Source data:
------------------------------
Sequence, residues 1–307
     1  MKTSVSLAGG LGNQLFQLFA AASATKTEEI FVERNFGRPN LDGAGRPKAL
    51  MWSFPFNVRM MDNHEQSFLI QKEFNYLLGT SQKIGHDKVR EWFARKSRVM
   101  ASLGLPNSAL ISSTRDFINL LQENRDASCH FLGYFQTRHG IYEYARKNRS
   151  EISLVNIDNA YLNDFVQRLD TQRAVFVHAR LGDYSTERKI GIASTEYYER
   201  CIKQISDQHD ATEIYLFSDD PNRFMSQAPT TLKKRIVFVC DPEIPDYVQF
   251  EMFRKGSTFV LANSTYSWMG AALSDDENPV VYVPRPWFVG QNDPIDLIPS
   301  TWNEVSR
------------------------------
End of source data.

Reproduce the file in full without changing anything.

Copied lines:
Sequence, residues 1–307
     1  MKTSVSLAGG LGNQLFQLFA AASATKTEEI FVERNFGRPN LDGAGRPKAL
    51  MWSFPFNVRM MDNHEQSFLI QKEFNYLLGT SQKIGHDKVR EWFARKSRVM
   101  ASLGLPNSAL ISSTRDFINL LQENRDASCH FLGYFQTRHG IYEYARKNRS
   151  EISLVNIDNA YLNDFVQRLD TQRAVFVHAR LGDYSTERKI GIASTEYYER
   201  CIKQISDQHD ATEIYLFSDD PNRFMSQAPT TLKKRIVFVC DPEIPDYVQF
   251  EMFRKGSTFV LANSTYSWMG AALSDDENPV VYVPRPWFVG QNDPIDLIPS
   301  TWNEVSR